Rick: Yup. Quite a few. Throw an octopus on the ice at the Joe Louis Arena. Watch the World Cup finals. Work as an assistant to Norman Black with the Blue Eagles. That’s Norman Black! Mr. 100%! Work as an assistant to Ompong Merida with the Blue Booters. Ompong’s a freaking genius and a nice guy. He should be coaching the national team. Watch a Liverpool game at the Kop. I've sat in Yankee Stadium's bleachers with their Bleachers Creatures and that was way fun! So I imagine the Kop must be even crazier.

C: Who are your Top 10 athletes of all time regardless of sport?
Rick: Hmm. That’s tough. Let me put it this way, those I saw play and not in order, but ten, ha?
Paul O’Niell, New York Yankees
Ian Rush, Liverpool FC
Danny Francisco, Ateneo Blue Eagles
Louie Espinosa (I dedicated Glory Road to him)
Pele, Santos and New York Cosmos
Michael Jordan, Chicago Bulls
Pete Sampras
Tiger Woods
Muhammad Ali
Julius Erving, Philadelphia 76ers. He was for years the game's ambassador.

C: What can we look forward to -- any new stuff?
Rick: Well. More travel stuff. My cousin Christine Cunanan has a travel magazine and I'd really want to contribute to that. I'll be going to Shanghai and Beijing supposedly in May and back to Singapore in October. There's probably a trip to Cambodia, Vietnam, and Hong Kong in between. I actually want to do less sports writing and move into the film-oriented ones I previously mentioned. I'm also finishing an AVP for the Ateneo dorm and of course that long-delayed Ateneo Lady Eagles book. Sorry, John Flores leaving depressed me a bit coz the story starts with him and unfortunately, a championship season has a sucky ending.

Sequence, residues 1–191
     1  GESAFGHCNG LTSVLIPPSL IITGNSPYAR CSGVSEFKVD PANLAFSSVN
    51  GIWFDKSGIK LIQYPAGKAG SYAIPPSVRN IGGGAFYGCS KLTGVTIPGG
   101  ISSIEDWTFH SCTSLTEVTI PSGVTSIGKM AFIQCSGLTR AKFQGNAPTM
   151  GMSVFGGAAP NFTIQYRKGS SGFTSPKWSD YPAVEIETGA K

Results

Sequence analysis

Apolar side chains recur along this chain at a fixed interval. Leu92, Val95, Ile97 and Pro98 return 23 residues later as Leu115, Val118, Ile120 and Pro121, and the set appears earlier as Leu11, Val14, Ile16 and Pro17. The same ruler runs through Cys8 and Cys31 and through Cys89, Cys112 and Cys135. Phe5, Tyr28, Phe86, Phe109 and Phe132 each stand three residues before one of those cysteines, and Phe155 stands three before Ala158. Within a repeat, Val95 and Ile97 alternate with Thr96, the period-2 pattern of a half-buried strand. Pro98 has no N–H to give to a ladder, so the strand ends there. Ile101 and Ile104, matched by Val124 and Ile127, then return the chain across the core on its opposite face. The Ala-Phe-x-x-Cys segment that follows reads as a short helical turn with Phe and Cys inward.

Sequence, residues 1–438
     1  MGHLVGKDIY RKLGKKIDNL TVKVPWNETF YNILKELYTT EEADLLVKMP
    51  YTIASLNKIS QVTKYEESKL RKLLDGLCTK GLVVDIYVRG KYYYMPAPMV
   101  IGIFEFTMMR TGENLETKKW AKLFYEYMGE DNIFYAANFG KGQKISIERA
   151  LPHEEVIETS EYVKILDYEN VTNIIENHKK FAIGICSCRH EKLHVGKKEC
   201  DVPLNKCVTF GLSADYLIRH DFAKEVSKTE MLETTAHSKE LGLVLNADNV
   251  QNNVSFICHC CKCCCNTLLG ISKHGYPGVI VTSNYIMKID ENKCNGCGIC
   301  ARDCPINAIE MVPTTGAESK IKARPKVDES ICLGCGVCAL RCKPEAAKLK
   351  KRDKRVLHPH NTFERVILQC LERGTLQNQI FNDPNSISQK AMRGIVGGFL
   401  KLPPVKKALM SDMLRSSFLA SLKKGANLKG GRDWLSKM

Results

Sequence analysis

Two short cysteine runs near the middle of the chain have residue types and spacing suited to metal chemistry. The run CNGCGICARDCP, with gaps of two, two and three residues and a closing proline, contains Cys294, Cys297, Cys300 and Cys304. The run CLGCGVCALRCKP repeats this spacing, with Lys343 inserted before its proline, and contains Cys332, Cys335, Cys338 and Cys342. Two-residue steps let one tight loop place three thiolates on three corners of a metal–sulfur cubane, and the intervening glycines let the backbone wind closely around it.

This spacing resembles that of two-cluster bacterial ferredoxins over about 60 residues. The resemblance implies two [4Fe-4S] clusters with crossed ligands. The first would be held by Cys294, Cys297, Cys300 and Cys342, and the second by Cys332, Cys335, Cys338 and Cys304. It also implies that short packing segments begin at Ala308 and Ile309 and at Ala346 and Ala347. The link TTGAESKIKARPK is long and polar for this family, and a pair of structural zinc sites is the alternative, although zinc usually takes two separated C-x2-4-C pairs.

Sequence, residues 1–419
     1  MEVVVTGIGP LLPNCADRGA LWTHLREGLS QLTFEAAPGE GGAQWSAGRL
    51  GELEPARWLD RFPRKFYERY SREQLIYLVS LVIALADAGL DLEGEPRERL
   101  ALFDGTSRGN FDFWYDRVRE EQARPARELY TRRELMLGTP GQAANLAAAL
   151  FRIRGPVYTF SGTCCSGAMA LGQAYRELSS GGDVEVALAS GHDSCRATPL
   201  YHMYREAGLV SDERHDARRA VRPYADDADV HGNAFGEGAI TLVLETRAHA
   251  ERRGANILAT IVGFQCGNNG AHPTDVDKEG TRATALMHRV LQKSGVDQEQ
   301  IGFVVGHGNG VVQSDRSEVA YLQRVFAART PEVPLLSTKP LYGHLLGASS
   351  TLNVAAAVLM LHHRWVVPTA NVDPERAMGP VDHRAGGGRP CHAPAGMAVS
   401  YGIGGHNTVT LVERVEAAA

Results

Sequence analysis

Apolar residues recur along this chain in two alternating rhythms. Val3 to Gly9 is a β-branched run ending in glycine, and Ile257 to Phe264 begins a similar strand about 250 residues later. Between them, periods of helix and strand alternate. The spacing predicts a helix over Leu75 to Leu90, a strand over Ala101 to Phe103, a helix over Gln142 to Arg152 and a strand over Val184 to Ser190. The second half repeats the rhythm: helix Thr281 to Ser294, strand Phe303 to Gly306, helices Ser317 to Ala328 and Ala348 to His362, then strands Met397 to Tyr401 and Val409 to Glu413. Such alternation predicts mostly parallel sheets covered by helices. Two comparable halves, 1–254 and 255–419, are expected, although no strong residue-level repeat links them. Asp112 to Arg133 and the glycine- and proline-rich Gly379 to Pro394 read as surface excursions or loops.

C: Less sports writing? What do you mean?
Rick: Well, I'll keep my column in Business Mirror, but I'm going on record (AGAIN! hahaha) to say after Season 71 of the UAAP, it's time to hear a different voice. Zion (Laterre) is gone. Ditto with Ford Arao. Pat Ozaeta is done as is Charo Soriano. And so is Noj Baltao. Hey, Noj! Hahaha. But my nephew is still with the baseball team. And I think another of them will join soon. But I'd really want to write about other stuff. Maybe go to Afghanistan. Or write about our soldiers in Mindanao. Mark Bowden wrote such a great war book in
Blackhawk Down. That's an inspiration.

I have material about a Filipino-American in Iraq. He served two tours in Iraq. But I wonder how to treat the story. I have to speak with him again. But it's something that's easier to write if I'm Stateside.

So there!